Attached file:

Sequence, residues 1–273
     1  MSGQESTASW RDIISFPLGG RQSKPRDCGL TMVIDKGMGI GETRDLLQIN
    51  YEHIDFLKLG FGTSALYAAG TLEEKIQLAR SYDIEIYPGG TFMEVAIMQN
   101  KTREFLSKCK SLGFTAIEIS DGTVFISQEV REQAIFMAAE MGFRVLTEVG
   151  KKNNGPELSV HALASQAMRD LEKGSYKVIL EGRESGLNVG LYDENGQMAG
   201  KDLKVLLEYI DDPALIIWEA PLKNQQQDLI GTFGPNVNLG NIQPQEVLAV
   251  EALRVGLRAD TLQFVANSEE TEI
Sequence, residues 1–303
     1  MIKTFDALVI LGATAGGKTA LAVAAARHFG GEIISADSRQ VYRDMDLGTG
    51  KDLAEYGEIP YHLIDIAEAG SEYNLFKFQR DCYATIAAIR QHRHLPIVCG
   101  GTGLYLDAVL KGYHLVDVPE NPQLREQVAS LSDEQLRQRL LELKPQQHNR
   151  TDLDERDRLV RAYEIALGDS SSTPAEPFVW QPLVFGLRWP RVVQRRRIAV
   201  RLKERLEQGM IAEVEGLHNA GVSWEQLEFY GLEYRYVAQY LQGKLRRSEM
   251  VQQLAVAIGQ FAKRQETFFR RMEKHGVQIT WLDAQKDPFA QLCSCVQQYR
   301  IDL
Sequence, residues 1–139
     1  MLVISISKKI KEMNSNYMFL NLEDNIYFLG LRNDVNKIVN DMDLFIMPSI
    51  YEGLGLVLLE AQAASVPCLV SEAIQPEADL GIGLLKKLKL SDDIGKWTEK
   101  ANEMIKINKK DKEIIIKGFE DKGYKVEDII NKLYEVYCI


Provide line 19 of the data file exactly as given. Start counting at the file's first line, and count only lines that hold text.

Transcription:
   101  ANEMIKINKK DKEIIIKGFE DKGYKVEDII NKLYEVYCI